Honey Bees at Mount Vernon
John Ferree, Mount Vernon's very own beekeeper, discusses the roles honey bees played, and continue to…
Mount Vernon will be closing early at 1pm on April 23rd for a private event.
George Washington's mind was rarely far from the lush gardens and majestic views at Mount Vernon.
George Washington oversaw all aspects of the landscape at Mount Vernon. He extensively redesigned the grounds surrounding his home, adopting the less formal, more naturalistic style of 18th century English garden landscape designer Batty Langley. Washington reshaped walks, roads, and lawns; cut vistas through the forest, and planted hundreds of native trees and shrubs. The well-ordered gardens provided food for the Mansion's table and were also pleasing to the eye. Eighteenth-century visitors to Mount Vernon were delighted by bountiful offerings of fresh vegetables and fruits, and reveled in after-dinner walks amongst all manner of opulent flowering plants.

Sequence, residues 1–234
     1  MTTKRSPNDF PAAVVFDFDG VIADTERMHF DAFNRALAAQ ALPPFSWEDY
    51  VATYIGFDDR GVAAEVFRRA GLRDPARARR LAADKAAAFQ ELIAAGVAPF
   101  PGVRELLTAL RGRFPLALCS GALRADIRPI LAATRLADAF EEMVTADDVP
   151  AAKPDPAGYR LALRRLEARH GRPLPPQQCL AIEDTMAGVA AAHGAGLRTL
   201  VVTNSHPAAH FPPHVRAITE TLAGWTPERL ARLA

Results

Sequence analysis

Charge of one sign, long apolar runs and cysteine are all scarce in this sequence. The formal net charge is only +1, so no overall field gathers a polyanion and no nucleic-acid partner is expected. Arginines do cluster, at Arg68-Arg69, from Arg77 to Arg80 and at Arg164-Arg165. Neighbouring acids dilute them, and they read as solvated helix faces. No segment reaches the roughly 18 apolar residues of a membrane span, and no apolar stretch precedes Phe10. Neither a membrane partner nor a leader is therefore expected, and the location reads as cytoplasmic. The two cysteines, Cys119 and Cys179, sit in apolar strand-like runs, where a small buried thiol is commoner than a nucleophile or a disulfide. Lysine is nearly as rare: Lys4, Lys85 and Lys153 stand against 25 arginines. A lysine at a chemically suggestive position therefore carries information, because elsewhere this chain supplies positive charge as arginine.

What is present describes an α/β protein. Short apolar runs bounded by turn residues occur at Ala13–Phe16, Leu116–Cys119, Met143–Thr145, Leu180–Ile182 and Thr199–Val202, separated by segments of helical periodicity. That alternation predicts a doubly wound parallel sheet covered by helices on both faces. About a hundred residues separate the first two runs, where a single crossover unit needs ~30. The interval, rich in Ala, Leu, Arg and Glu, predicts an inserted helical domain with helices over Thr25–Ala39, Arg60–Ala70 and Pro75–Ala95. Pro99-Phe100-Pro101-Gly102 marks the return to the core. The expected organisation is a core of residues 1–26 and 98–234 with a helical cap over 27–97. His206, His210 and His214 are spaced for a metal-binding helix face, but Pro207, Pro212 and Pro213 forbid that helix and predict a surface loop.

Vaughan sketched a plan of the Mount Vernon mansion and the formal area around it in his journal, embellishing it with a perspective of the river and the Maryland shore beyond.
For more than 50 years the Ladies of Mount Vernon have been working to preserve George Washington’s view across the Potomac.
While Washington's grape-growing efforts in the early 1770s gave the locality its name, that endeavor quickly proved to be unsuccessful.
No place at Mount Vernon better shows off the secret George Washington - his desire to be self-sufficient, his enchanting curiosity, and his determined optimism, undeterred by considerable failure - than his botanical garden.
Following aristocratic British practice, George Washington fenced off 18 acres on the slope, between the Mansion and the Potomac River, to serve as “a paddock for deer” or deer park.
George Washington possessed a strong interest in landscape design and architecture throughout his adult life.
The book explores General Washington's influence over the gardens at Mount Vernon and the preservation of the landscapes by the Mount Vernon Ladies' Association which has been the caretaker since 1853.
The General in the Garden is published by the University of Virginia Press and is available for purchase at the Shops at Mount Vernon.
Washington loved his gardens and was constantly changing the plants used at Mount Vernon. There is little evidence to suggest, however, that he was the one gardening.
Learn more about how Batty Langley and his New Principles of Gardening influenced George Washington and the gardens at Mount Vernon.